By Hilary Barlow
At the Association of Canadian Archivists annual conference this past summer, three information professionals came together to present on the topic of culturally competent outreach and processing. The session, “Archives of the Marginalized: Working with Communities of Origin to Develop Appropriate Descriptive Records,” covered vastly different collections, but the initiatives had more in common than one might think at first glance.
Moska Rokay is a Master of Information candidate at the University Toronto who also divides her time between the Sisters of St. Joseph archives and the Institute of Islamic Studies at U of T. A member of the Afghan-Canadian community herself, Rokay used her archival skills to build a proof-of-concept digital collection of oral histories reflecting the Afghan-Canadian diaspora experience.
Rokay was frustrated with portrayals of her community, which she often found to be misleading, if not outright racist and Islamophobic. She also found that studies of Afghan-Canadians focused on their immigration and first 10 years in Canada at most, missing many people and stories. “My community has not been able to tell their own stories in their own words,” Rokay commented.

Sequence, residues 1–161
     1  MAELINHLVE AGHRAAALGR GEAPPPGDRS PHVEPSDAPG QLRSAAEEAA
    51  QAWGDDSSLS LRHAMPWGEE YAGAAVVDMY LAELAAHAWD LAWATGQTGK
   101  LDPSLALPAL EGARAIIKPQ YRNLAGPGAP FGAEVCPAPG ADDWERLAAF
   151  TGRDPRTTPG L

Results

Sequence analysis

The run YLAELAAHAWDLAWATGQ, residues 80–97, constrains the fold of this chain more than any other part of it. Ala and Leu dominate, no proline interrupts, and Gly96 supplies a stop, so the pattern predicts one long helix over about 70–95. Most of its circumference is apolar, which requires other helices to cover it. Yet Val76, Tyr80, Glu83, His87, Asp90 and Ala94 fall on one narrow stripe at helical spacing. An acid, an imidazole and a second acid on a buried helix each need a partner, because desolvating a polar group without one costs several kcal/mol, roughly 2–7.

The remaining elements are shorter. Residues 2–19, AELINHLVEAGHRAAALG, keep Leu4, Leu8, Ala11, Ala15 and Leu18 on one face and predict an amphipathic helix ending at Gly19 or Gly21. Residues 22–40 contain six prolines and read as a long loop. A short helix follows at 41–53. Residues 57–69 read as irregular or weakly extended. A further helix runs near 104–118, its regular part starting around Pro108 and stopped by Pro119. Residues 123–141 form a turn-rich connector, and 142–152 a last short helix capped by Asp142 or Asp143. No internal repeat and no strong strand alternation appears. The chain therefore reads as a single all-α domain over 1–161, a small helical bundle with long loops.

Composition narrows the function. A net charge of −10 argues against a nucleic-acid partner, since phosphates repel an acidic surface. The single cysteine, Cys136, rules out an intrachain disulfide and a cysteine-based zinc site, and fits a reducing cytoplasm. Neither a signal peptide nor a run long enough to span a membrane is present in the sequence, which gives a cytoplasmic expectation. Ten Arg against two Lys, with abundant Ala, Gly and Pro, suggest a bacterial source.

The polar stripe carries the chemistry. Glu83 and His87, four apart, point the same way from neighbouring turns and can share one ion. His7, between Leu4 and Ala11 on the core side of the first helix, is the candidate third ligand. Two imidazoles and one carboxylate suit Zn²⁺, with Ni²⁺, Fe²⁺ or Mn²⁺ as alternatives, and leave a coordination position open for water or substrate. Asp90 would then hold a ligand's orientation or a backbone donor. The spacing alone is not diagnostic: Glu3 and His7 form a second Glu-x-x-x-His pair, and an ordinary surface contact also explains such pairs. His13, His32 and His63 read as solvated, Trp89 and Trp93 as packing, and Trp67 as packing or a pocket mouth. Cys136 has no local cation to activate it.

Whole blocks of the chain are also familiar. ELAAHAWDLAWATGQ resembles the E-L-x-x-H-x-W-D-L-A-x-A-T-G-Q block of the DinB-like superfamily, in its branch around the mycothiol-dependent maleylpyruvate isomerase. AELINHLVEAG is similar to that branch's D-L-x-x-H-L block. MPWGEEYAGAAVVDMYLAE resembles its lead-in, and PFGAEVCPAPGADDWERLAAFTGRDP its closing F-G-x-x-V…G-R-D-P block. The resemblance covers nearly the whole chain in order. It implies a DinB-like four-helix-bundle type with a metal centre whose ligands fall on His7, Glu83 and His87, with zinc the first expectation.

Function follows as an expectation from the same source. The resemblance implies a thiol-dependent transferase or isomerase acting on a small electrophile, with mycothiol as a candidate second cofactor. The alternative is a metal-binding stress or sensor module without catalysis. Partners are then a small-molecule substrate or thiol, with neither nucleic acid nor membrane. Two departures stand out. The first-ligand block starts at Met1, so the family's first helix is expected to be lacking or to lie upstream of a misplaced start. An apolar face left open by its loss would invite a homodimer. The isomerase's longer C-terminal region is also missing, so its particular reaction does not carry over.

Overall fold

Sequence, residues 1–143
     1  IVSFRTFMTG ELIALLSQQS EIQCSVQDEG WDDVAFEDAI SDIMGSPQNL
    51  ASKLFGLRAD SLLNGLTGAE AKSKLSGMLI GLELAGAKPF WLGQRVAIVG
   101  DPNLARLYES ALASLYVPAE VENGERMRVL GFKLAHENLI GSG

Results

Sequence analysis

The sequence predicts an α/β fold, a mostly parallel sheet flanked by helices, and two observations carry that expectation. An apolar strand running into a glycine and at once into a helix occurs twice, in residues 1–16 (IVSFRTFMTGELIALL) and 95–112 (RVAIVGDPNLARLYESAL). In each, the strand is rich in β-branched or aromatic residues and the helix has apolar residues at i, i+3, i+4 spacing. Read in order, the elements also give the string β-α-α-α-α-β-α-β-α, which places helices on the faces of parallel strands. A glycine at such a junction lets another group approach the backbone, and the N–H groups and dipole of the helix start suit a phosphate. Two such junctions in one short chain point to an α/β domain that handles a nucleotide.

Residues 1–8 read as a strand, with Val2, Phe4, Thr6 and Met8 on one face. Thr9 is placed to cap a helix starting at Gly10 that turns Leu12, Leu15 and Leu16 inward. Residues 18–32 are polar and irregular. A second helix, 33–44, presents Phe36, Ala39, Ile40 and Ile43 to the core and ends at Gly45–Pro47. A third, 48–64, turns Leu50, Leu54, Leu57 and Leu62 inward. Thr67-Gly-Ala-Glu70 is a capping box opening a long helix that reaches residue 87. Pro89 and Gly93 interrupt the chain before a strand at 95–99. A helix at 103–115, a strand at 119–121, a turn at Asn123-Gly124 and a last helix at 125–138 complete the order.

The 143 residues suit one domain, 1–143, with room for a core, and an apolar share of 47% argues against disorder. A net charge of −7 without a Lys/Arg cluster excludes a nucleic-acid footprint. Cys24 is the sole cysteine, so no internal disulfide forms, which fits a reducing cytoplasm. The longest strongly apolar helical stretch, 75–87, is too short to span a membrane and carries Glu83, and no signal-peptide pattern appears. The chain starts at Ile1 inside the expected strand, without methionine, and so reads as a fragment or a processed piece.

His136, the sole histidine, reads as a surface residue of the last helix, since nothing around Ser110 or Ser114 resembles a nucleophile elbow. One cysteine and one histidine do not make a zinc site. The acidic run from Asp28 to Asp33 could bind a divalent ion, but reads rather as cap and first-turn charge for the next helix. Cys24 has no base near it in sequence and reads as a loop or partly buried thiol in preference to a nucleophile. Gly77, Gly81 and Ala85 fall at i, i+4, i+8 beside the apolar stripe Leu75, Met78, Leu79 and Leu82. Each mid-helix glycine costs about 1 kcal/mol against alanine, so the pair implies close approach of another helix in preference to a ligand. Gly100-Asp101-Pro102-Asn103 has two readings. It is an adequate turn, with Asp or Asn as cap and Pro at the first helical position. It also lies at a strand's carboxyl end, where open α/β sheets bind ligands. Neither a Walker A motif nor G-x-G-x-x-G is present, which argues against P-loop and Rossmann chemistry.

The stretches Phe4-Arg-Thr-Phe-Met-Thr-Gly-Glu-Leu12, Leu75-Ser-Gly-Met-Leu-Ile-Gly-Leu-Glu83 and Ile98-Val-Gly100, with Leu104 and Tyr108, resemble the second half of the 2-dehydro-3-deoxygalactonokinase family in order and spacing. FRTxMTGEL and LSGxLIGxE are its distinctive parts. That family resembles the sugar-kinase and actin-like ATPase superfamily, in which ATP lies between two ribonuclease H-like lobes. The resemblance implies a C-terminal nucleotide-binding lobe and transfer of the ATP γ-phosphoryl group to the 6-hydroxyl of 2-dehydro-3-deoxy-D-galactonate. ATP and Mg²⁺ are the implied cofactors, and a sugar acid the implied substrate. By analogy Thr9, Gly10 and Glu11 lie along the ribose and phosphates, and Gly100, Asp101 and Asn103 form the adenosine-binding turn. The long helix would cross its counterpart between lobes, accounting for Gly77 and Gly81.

Rokay’s digital archive project is private and password-protected. Its intended audience is the Afghan-Canadian community to see themselves represented and to learn more about the unique experiences of others. While Rokay sees a potential for a more public archive with a researcher audience to counter stereotypes, that is a secondary goal to what she has created. The proof-of-concept collection allowed members of her community to see themselves as part of history. “Archives have always been in the business of identity,” she said, noting that what is in an archives tells you about who does and does not have power.
Raegan Swanson, Executive Director of the Arquives (formerly the Canadian Lesbian & Gay Archives), related the organization’s initiative to better represent transgender people in their collections. Swanson explained that the Arquives has had a relatively passive collections policy for much of its history. Between 2018 and 2019, the organization shifted to a more active policy to address gaps in the collection, particularly the dearth of documentation of the transgender community.
To make sure the community was deeply involved in the expansion of the Arquive’s holdings, the decision was made to hire trans archival assistants based on their enthusiasm and knowledge of LGBTQS+ history and not based on archival training. Sajdeep Soomal and Tobaron Waxman were hired to begin the project. Both received basic training in the Rules of Archival Description and conducted outreach to trans communities in Toronto, Ottawa, Montreal, and British Columbia.